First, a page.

As I ran down the paved rec path in Breckenridge a few weeks ago, I found myself suddenly extremely self-conscious of the fact that I was wearing a hydration vest. For the uninitiated, long-distance trail runners typically wear a little backpack/vest that they can store water and snacks in when they go do things like run 20 miles up a mountain.
You may be thinking, “but Laura, are you really that hardcore?”
Listen. I had already (barely) justified the purchase of said vest by telling myself I would save it only for trail running because that was harder, I was further from civilization, etc etc. And that eventually I’d be running longer and totally need a vest.
But here I was, running two miles on a flat, paved trail in the middle of town. With my vest.
In my mind, people wear vests on long trail runs because they’re really hard. And for me, running “short” distances is still really hard. So I wear the vest. I am more relaxed knowing I have plenty of water and emergency snacks, my phone is easily accessible for photos (obviously critical), and my hands are still free.
So I felt fine about rocking the vest, at least when I was around my fellow tourists at the resort I was staying at. But then I started seeing locals. And local runners. Or at least runners that looked like they could do a 10k (and probably a 100k too). And I started freaking out.
“They must think I look like such a douche running around town with a trail runner backpack”
“Since I’m talking walk breaks while wearing this endurance athlete vest people must think I’m an idiot”
“Everyone I pass is totally rolling their eyes at me and thinking I’m trying too hard”
I got back to the hotel, feeling like total garbage physically and mentally. I ran (and walked) for a grand total of 25 minutes and covered just over two miles (I totally lied and told my coworker I did a 5k because, you guessed it, I was embarrassed).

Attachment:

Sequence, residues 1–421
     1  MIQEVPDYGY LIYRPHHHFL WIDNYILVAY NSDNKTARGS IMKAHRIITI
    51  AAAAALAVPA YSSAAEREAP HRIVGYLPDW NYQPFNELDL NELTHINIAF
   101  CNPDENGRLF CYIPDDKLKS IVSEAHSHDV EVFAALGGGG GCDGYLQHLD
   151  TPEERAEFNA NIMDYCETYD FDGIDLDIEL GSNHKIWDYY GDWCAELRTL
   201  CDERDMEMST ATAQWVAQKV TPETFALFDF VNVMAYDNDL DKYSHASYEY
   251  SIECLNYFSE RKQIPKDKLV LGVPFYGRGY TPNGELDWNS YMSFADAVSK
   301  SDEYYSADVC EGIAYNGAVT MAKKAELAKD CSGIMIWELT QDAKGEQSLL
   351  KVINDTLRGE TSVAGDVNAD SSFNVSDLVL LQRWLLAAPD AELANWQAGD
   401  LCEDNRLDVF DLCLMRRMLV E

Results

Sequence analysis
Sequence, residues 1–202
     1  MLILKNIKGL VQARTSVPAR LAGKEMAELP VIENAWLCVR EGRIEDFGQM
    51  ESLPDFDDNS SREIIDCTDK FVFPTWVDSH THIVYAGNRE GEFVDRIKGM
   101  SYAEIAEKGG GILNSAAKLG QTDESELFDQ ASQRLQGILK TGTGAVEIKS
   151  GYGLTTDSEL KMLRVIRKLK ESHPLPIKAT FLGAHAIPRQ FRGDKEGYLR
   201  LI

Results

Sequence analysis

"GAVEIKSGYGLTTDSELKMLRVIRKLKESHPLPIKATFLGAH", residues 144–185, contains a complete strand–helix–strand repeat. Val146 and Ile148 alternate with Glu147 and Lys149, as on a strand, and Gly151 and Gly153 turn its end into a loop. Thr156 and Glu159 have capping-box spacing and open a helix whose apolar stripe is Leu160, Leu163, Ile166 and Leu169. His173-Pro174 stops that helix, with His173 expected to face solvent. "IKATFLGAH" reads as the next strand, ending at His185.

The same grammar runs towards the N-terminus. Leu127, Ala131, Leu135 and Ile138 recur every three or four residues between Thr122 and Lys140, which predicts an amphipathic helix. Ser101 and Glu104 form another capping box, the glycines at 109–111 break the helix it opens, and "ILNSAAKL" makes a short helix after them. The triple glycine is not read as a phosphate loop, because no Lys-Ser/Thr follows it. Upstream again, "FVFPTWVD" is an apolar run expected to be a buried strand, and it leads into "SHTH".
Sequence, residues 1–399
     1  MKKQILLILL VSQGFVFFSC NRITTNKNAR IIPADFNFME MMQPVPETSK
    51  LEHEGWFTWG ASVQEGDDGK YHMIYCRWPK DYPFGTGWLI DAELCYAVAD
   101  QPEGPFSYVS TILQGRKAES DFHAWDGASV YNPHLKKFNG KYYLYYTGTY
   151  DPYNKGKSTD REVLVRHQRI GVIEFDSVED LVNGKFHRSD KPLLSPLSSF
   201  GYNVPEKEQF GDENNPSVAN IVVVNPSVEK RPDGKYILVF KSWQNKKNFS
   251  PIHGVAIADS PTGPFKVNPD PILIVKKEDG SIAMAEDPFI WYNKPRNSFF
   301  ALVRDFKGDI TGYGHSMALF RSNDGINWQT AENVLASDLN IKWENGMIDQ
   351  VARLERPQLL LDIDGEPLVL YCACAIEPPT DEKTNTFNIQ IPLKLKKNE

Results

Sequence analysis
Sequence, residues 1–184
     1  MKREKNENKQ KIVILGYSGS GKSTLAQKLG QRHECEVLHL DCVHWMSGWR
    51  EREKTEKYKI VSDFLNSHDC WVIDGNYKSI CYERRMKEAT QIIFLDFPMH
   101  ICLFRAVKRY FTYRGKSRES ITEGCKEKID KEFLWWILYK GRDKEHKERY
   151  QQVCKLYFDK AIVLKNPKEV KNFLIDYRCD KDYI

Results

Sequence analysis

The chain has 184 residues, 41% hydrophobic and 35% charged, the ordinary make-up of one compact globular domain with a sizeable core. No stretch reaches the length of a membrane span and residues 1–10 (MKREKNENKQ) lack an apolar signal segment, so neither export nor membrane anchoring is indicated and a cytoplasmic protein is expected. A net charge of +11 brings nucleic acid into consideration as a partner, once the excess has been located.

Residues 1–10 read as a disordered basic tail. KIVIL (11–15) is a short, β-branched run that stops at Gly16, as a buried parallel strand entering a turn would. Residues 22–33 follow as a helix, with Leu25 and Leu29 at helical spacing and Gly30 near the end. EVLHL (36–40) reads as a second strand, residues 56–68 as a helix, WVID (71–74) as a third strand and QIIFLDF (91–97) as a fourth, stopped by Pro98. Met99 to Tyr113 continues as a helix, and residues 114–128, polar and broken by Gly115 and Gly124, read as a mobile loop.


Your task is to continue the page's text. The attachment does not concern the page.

And then I realized that other people are too busy on their own runs to be worrying about what I’m wearing. And, they don’t know if I was on mile two or twenty. And they probably didn’t even care what I was wearing. And if they are judging me, that’s their problem.
Because you know what? Running is really effing hard, even “just” a few miles. Taking water and snacks with me (and not having to hold my cell phone) makes it infinitely easier.
Other people may not need or want water or snacks for a “short” run, but that’s what works for them. And wearing a vest “meant for” endurance athletes on my two-mile run is what works for me.
It’s easy to be plagued by worrying when you’re a beginner – how fast or slow you’re going, whether you have the right clothes, whether you look like you know what you’re doing, whether people can tell you’re just starting out. The list of things to be self-conscious about is never-ending, and it’s only magnified for women who are already worrying about a myriad of other things.
But the outdoors should be the place to escape all of that anxiety. Doctors are literally prescribing time in nature to people these days. So if you’re already lucky enough to be outside, try not to ruin it with negative self-talk.
Embrace that what you’re doing works for you. Wear the fancy gear, or don’t. Take the walk break. And remember that no one actually notices most of these things you’re so worried about.
What’s a beginner habit you’re self-conscious about? If you aren’t embarrassed by it anymore, what helped you overcome that anxiety?